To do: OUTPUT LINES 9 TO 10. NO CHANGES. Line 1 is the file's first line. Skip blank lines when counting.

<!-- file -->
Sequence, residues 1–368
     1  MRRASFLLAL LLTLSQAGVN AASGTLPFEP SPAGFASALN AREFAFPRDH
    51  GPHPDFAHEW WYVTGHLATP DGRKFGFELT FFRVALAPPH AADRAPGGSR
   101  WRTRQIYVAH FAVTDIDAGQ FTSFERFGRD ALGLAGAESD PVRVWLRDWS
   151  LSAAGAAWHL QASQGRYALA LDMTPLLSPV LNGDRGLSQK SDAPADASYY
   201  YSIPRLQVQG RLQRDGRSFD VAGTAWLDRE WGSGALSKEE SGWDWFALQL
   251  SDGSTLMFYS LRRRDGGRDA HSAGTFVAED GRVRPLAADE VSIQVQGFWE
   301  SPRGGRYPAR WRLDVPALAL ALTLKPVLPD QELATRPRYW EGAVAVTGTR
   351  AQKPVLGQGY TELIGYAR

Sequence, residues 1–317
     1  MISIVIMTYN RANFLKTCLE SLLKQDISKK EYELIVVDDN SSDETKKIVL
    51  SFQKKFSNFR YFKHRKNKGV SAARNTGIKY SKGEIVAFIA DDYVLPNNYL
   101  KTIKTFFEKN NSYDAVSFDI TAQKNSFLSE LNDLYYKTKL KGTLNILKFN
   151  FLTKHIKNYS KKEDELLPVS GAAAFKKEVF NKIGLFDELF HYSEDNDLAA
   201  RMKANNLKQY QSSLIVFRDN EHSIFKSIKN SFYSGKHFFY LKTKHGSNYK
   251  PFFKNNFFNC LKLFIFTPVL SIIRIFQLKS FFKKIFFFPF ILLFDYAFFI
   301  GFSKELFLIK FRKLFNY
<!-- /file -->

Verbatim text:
   351  AQKPVLGQGY TELIGYAR

Sequence, residues 1–317